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The Inexpensive Google Chromecast Is a TV Game-Changer

Updated on December 26, 2018

Google Chromecast

I read a press release about the new Google Chromecast yesterday, which is labelled as a TV game changer. Maybe it was due to the $35.00 price tag on this device, but I found myself completing an order for this new device minutes later.

The Chromecast is different than any other digital media delivery device that you have ever seen. It is a small USB-like device that plugs into your TV's HDMI port, and allows content from your laptop, tablet device, or smart phone to be streamed onto your TV screen.

Google appears to have positioned the Chromecast to compete directly with the Apple TV and the Roku, but these two devices carry a much higher price tag than the Chromecast. It allows you to enjoy and share movies, TV shows and music from popular media sources like Netflix, YouTube and Google Play. By using the supported apps, you can cast this content directly to your HD TV screen. What is even more intriguing, is that any content you can get in the Chrome Browser can be cast directly to your TV. So you can sit on the couch with your laptop, phone or tablet and see your browser on your big screen TV.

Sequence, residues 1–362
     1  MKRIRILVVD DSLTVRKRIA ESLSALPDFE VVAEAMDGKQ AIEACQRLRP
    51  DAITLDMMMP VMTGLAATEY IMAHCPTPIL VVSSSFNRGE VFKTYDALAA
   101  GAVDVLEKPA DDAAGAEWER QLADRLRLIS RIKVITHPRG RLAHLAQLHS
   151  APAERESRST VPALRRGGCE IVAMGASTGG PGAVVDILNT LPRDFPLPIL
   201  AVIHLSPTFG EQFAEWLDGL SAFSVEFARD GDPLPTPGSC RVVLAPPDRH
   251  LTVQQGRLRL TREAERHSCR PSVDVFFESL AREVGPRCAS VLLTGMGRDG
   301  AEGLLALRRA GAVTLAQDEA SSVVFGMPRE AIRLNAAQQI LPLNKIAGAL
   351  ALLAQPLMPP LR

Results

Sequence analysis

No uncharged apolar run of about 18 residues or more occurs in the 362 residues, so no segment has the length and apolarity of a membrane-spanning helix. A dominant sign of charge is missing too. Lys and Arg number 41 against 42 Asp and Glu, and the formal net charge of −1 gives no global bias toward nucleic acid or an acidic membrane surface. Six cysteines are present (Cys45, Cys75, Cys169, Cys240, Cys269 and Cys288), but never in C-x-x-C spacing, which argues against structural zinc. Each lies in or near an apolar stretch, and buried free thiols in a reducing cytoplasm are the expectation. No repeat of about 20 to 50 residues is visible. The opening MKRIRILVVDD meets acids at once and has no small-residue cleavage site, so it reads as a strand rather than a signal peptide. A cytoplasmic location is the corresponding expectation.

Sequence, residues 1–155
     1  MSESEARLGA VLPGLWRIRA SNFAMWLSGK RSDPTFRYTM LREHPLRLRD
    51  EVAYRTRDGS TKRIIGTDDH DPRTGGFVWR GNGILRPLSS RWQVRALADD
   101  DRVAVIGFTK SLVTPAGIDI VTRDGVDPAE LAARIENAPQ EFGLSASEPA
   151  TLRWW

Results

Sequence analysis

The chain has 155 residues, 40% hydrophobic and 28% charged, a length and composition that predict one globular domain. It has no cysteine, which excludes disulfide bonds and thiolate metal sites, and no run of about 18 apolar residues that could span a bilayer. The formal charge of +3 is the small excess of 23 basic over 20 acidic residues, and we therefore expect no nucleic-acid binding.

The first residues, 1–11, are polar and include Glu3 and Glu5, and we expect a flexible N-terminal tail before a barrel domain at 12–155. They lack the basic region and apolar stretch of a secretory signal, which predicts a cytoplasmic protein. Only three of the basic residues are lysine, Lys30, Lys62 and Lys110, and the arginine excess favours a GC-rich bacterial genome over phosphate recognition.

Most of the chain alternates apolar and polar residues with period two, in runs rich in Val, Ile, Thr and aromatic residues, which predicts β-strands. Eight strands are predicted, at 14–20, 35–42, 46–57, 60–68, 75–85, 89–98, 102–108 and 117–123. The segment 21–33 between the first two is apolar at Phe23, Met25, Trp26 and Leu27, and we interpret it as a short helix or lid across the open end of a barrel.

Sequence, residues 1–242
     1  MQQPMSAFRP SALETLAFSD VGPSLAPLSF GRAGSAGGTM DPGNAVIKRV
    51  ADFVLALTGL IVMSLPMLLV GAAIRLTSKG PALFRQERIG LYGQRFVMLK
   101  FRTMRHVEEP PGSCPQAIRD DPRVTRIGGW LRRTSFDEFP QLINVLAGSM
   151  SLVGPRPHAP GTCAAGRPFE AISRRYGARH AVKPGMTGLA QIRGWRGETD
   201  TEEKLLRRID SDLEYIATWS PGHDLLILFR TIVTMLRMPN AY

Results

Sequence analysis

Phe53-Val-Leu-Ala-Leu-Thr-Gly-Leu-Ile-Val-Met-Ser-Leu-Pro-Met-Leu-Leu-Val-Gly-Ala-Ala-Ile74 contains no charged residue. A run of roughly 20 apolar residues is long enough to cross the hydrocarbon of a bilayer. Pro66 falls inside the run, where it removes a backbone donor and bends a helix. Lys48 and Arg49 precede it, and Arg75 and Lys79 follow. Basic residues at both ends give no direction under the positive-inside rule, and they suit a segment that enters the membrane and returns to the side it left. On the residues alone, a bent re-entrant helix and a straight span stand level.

(Image Credit to EricaJoy - Licensed via Creative Commons with Attribution)

How to Buy a Chromecast

At the present time, I have only seen the Chromecast available for ordering online. There are three main outlets that Google is promoting for purchasing the Chromecast. They are the Google Play store,, and BestBuy.

Unfortunately, at the time of writing this article the Chromecast is sold out everywhere. So you will have to get in line and with your order and wait for delivery.

Google's Chromecast Commercial on YouTube

Google is one of those companies that doesn't seem to do a lot of advertising about their products. They have released a YouTube video showing their Chromecast, and how it brings people together in front of their televisions. Something tells me that we may be seeing this video running on TV commercial segments in the near future. They don't get into any technical details during this commercial, they just show people having fun. They end the commercial by showing the $35.00 price tag, which is sure to get a lot of people interested.

How to Use the Chromecast